Villegas calls for dynamism among lay people in the Year of Laity

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A group of Catholic laity in one of the protest rallies held against the pork barrel scam.

MANILA, Jan. 1, 2014—Lingayen-Dagupan Archbishop Socrates Villegas urged for a greater involvement from lay people even as he called on priests to be more open in sharing church responsibilities with the laity.

“We need to cultivate in our archdiocese a fresh sense of co-responsibility in the Church and to explore all possibilities for priests and laity to work together with mutual respect and fraternal charity,” the Archbishop said in a pastoral letter to the Dagupan faithful on January 1.

As the Catholic Church observes 2014 as Year of the Laity, Villegas, who is also president of Catholic Bishops Conference of the Philippines, said it is important to use this “occasion of grace to attend to two pastoral concerns that need conversion.”

He noted the necessity “to bring the laity out of the situation of passivity” and for the clergy to be “more open and willing to share church responsibilities” with the lay faithful.

Villegas said that the laity, by virtue of their baptism, share “in common priesthood of life [which] defines the identity, mission, dignity, vocation and spirituality of all Christians.”

He encouraged his flock to take heed of what Pope Francis said in Evangelii Gaudium regarding the role of the laity.

The Pope in his pastoral exhortation noted that many lay persons have not been given proper formation that would facilitate their taking important responsibilities in the Church, and even if they are involved in church ministries, their commitment is just limited in doing church duties, and does not reflect “in a greater penetration of Christian values in the social, political and economic sectors.” (EG, 102)

Healthy signs

Addressing parish communities, chaplaincies and pastoral stations, Villegas invited them to look for three signs of a healthy Church life in their communities at the end of 2014.

He said the fruits should be “more catechists and more social action ministers than liturgical lay ministers; the rosary is prayed at home in more families with the parents and children praying together; and every year, there is at least one young man who will enter the seminary and answer the call to be a priest.”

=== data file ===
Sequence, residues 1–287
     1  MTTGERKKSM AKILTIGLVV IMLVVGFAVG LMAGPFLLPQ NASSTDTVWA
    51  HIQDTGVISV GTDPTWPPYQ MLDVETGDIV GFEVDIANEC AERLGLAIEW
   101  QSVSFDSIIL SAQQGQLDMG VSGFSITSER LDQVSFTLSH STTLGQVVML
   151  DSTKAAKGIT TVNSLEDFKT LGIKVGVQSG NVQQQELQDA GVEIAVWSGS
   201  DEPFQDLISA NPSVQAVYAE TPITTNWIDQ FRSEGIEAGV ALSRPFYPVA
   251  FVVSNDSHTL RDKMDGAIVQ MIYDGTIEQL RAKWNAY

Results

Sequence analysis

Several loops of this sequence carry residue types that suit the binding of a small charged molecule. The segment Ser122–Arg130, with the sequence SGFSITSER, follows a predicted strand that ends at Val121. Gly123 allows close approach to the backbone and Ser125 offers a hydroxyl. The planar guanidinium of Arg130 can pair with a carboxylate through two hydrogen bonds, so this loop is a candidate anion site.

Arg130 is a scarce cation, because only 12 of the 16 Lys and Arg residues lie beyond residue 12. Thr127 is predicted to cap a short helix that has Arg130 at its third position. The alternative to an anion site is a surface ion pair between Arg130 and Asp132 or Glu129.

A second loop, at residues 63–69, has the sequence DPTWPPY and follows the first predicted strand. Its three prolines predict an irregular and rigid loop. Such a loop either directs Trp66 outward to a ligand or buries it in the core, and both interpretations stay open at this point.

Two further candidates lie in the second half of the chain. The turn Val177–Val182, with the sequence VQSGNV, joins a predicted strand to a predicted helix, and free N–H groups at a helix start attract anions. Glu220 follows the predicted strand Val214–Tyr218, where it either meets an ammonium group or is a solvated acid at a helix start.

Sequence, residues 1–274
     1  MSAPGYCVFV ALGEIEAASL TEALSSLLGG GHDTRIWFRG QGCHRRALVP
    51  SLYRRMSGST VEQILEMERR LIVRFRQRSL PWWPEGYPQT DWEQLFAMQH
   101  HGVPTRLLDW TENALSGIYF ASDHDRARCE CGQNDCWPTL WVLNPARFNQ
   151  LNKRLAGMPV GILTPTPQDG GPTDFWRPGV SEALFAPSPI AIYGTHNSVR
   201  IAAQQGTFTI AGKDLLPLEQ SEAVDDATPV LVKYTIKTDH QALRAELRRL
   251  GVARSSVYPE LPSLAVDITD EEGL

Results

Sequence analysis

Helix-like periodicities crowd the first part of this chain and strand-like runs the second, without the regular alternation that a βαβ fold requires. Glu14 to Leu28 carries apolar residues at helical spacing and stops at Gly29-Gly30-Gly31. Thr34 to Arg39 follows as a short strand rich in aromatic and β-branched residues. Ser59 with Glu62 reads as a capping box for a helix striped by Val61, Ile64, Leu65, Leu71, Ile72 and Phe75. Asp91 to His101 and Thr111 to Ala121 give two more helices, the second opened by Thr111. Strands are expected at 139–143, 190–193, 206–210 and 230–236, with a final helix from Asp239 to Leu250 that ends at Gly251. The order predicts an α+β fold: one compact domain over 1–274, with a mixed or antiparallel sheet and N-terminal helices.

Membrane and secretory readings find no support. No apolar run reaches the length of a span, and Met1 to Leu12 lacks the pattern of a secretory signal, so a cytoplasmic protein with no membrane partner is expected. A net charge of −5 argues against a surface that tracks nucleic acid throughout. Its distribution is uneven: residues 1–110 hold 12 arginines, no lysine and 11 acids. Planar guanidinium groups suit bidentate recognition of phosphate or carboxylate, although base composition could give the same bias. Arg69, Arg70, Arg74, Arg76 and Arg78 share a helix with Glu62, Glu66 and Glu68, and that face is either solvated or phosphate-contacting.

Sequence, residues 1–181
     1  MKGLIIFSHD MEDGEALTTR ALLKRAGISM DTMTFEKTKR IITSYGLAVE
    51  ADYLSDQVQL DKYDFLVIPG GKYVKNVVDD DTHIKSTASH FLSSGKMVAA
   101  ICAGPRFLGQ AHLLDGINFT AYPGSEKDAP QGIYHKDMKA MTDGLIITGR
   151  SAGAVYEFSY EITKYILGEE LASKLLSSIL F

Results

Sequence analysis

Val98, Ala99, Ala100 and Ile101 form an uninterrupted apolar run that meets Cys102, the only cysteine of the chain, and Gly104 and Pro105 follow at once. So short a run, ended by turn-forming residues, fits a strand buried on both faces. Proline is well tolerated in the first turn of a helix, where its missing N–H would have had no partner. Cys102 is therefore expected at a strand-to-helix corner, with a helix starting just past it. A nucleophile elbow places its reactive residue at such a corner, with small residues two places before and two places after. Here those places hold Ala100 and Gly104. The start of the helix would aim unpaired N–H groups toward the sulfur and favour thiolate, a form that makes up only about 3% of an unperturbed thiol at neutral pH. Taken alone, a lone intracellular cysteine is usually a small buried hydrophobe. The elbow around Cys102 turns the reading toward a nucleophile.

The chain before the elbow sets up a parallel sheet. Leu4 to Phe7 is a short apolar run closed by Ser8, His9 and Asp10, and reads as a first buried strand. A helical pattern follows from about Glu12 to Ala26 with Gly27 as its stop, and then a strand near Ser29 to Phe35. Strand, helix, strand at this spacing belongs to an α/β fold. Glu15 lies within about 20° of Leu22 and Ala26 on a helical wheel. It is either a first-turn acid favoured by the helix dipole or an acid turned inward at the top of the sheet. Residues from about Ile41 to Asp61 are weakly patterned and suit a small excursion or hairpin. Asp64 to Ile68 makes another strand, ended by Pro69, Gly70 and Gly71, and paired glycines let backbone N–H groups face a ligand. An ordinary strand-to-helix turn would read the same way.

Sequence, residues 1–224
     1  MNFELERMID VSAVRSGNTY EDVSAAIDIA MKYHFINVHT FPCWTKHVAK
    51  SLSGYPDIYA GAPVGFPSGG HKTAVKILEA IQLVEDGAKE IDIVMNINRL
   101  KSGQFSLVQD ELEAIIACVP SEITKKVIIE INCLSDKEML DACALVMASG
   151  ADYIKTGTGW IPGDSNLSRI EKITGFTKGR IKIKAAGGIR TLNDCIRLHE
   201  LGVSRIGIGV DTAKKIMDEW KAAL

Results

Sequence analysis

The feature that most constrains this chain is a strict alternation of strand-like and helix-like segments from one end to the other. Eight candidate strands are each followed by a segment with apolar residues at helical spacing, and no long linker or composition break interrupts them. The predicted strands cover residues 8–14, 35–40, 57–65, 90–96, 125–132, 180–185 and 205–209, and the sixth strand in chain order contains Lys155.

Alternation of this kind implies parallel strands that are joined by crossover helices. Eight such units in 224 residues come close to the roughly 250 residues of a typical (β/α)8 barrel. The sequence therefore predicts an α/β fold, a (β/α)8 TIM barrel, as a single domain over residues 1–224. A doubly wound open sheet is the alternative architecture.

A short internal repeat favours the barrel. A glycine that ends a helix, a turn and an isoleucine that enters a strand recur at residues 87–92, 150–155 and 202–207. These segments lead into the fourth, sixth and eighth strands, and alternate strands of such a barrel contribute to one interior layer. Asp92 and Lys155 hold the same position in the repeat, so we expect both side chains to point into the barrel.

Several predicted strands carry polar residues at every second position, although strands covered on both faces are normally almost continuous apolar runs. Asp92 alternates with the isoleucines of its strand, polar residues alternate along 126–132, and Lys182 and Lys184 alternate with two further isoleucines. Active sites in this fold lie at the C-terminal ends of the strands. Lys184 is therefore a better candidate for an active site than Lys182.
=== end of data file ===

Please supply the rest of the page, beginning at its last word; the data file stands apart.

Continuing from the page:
The prelate noted of a high interest among lay people to serve as ministers at the altar but there is little attraction to teach as Catechists or work among the poor as social action ministers.

“There is a bit of glamour and prestige at being seen at the altar,” Villegas said. But he also pointed out, that “our laity is staying too long inside the church doing work inside the church presuming that God is pleased.”

“This must be corrected,” he said, adding: “The lay faithful are primarily called for social engagement outside the church building. There must be more laity working for God in society than at the altar.”

The prelate also stressed the importance of praying the rosary at home calling as sick “a parish without family prayer at home.”

He encouraged parishioners to “organize barangay block rosaries, coros of Our Lady of the Miraculous Medal or Divine Mercy clusters.”

“The best contribution we can make for society is indeed prayer but prayer must be brought out of church premises and brought at home, at work, in the plaza, in the streets, in the market and grocery stores; indeed everywhere,” Villegas said.

He also asked every family to pray for a vocation at home, noting that a family which has raised its children in the faith usually is a seedbed of vocation to the priesthood and consecrated life.

“The priest is called from among the laity in order to help the laity grow in their friendship with the Lord,” Villegas said.

He emphasized that the priest serves the laity and not the other around.

“I hope the priests will be more trusting and open with the involvement of the laity. We pray that our laity will wake up from passivity, be fired by the Spirit and dare to change the world for Christ,” Villegas said. (PB/CBCPNews)

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